Carole Braun, Fannie Buck Leonard. 
Arthur Gould. 
Sam Newell, Lowry Varnado. 




Men Women Total 

Summer 1948 

lall Semester 1948 

!• reshmen 

Sophomores _ _ 



Unclassified _ 























Spring Semester 1949 




Seniors _ 






Unclassified 16 











TOTAL 498 


Total Number of Registrations 1348 654 

Deduct Duplications 661 275 

Total Number of Different Persons in Attendance. 





Aiuvalasit, Anthony G New Orleans, La. 

Alexander, John Gilbert Union 

Alvis, Albert Lester, Jr Jackson 

Anger, Dorothy Greenville 

Arbuckle, Gwendolyne Charleston 

Armstrong, Dan M Mendenhall 

Ash, John L., Ill Centreville 

Atkins, John Payne Columbus 

Baker, Martin Hathorn Macon 

Barlow, Hubert Lee Wesson 

Barton, Charles A Jackson 

Barwick, Jim Drane Braxton 

Bell, Barbara Ann Braxton 

Bingham, William Oakley.North Carrollton 

Blumer, Carol Auburn 

Boozer, Jean Boyle 

Brown, Frank Oliver Lauderdale 

Bunner, Carl A Jackson 

Burnett, Marshall Emmett Benton 

Butler, Rosalind Jackson 

Carl, Dan Clinton 

Carr, Gordon L Monticello 

Carruth, Bruce C McComb 

Charles, Kenneth Eugene Jackson 

Clay, Thomas Franklin, Jr Tutwiler 

Clements, Henry Ganes Jackson 

Conerly, Robert H. Monticello 

Conlee, Fay Jackson 

Cook, Annie Ruth Jackson 

Cook, Woodrow, Edsel Canton 

Correll, William Walter Jackson 

Cowan, Mary Elizabeth Grenada 

Crenshaw, Frederick Earl Monroe, La. 

Cresswell, Ann Lomax Jackson 

Crisler, Ernestine Ella Jackson 

Crout, William R. Hattiesburg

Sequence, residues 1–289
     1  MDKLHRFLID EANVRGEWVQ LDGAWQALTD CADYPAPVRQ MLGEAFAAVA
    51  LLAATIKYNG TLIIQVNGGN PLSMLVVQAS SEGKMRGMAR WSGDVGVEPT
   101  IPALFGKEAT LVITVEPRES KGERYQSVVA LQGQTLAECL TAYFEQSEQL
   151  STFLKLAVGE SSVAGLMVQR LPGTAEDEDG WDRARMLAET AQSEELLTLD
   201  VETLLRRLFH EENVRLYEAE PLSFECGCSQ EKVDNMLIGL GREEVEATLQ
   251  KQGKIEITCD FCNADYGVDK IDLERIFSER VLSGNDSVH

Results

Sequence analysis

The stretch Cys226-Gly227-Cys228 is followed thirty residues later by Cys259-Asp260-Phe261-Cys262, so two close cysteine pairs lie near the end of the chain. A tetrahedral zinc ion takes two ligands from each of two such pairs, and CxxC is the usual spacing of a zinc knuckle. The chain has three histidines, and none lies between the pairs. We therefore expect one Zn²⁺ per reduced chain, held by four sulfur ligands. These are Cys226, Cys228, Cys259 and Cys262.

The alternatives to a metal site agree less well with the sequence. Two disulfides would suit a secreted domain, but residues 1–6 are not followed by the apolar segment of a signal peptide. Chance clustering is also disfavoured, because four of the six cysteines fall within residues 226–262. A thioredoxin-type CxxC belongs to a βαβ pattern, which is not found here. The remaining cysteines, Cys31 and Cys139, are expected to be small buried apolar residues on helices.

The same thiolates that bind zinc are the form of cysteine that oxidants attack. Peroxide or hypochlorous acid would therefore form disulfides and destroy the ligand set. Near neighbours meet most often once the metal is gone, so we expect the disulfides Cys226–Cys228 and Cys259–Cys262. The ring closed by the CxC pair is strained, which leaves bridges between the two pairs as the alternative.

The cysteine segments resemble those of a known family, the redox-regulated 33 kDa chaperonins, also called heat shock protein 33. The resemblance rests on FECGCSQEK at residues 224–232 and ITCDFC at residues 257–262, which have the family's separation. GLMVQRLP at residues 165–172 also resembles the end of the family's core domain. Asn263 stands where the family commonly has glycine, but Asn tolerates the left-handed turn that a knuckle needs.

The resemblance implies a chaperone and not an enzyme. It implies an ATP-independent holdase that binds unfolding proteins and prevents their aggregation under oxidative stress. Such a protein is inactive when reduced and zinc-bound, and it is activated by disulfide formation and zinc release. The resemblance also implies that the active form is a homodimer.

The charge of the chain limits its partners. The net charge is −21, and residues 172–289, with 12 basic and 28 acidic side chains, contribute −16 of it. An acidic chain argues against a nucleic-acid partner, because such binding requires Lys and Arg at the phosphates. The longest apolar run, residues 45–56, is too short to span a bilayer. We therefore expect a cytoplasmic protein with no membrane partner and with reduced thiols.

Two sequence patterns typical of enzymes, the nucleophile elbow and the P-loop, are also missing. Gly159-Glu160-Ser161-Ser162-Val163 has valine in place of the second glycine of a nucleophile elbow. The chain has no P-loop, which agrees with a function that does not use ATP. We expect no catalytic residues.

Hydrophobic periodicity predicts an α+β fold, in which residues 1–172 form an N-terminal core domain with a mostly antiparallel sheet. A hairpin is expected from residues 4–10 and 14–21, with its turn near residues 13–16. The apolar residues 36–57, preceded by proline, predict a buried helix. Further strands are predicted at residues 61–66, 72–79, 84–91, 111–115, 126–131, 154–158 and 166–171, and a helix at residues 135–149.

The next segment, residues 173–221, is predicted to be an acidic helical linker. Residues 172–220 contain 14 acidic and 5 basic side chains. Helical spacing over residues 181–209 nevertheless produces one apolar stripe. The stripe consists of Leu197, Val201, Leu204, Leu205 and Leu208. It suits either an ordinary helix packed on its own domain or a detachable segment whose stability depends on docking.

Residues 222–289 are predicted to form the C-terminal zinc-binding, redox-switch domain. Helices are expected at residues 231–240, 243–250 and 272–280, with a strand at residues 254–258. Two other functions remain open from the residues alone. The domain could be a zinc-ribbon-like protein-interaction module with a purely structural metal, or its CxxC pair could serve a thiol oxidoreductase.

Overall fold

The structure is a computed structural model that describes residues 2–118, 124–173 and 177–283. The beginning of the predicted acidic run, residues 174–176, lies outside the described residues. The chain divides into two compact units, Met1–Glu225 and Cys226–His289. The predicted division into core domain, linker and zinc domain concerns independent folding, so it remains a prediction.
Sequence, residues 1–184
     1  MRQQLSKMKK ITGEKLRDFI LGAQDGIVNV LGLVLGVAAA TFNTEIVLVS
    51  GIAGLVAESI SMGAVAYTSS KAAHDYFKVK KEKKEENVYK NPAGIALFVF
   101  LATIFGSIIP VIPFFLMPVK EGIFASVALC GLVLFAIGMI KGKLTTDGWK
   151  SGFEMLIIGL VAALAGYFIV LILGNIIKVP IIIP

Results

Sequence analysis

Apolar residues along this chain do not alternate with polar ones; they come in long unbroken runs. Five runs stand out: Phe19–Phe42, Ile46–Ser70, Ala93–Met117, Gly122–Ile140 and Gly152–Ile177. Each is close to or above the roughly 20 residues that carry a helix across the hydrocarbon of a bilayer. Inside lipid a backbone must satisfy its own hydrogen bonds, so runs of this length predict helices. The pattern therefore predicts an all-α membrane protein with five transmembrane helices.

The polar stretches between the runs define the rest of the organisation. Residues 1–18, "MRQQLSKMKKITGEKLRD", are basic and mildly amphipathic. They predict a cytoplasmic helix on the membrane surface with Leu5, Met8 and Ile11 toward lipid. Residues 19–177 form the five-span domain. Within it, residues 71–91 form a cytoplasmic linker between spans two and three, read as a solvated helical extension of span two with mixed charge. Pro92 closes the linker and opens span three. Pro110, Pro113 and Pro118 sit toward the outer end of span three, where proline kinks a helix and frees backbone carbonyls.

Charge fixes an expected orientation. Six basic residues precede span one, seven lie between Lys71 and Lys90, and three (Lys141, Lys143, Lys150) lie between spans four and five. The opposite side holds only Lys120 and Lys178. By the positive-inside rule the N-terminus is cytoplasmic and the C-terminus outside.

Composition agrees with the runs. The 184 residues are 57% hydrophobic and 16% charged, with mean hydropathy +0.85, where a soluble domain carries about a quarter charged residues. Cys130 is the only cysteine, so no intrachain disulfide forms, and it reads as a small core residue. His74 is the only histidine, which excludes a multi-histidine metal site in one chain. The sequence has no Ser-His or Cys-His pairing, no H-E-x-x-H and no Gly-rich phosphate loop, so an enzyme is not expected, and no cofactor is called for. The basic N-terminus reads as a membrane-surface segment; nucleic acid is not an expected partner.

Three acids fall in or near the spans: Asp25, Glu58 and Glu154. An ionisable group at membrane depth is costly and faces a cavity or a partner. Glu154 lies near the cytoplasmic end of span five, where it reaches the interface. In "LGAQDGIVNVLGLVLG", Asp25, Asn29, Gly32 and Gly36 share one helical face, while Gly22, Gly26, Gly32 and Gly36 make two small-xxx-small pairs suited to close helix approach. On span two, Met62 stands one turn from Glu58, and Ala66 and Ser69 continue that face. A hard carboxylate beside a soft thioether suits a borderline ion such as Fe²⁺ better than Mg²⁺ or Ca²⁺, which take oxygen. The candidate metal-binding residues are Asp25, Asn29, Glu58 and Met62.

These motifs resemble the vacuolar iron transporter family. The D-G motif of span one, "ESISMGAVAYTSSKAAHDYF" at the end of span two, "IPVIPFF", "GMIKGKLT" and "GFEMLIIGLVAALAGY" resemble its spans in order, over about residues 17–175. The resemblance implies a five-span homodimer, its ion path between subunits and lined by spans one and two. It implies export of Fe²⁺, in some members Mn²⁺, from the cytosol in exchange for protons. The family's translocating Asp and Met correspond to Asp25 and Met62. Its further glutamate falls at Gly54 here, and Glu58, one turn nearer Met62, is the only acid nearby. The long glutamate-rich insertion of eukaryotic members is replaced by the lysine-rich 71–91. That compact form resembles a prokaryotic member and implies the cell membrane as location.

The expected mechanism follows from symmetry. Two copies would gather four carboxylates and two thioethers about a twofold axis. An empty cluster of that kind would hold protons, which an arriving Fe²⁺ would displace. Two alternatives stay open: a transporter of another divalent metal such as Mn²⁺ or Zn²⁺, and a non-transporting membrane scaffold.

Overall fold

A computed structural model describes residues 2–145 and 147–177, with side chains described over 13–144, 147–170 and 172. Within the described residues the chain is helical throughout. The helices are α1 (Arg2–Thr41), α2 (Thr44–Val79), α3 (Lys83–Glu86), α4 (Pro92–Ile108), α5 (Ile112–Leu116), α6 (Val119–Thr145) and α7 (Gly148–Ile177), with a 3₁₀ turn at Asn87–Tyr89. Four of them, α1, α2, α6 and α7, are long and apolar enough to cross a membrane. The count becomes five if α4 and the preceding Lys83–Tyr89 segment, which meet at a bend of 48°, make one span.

Cruz, Felicidad de Jesus Manila, P. I. 

Cunningham, Harry H Oconee, Ga. 

Davis, Alden E., Jr Coden, Ala. 

Davis, James Richard Columbia 

Dossett, Betty Jackson 

Edwards, Grace J. Jackson 

Egger, John Meridian 

Engle, Michael T. Jackson 

Eudy, Mary Olive Eupora 

Evans, Dorothy Nell Sontag 

Farmer, Kenneth L Wesson 

Farr, J. V., Jr Harriston 

Files, Winnie R. Jackson 

Fleming, Gene T. Minter City 

Folwell, Henry P. Jackson 

Fowler, Frank G. Jackson 

French, Barbara Jackson 

Fulton. Paul Meek Louisville 

Furr, Randle Elias Gulfport 

Garrard, John, Jr. Flora 

Goodman, William F. Jackson 

Goss, Isaac A., Jr. Jackson 

Gough, Preston H Vicksburg 

Gregory, Clarence H Jackson 

Grisham, Cecil Wesley Jackson 

Gulledge, Erwin L., Jr Crystal Springs 

Hall, Clarissa Drew 

Hall, William T., Jr. Harrisville 

Harris, William Arthur Deeson 

Haughton, Jean Jackson 

Havard, Nora Louise Lucedale 

Hayao, Shin Tokyo, Japan 

Hays, Ralph Emerson, Jr Hattiesburg 

Heard, Floyd Edwin Vicksburg 

Hicks. Mary Ruth Louin 

Holder, Bobby Nell Louin 

Hutto, Carol Jackson 

Hutto, Ralph H., Jr. Jackson 

Irby, Philip, Jr. Jackson 

Jackson, Preston L. Laurel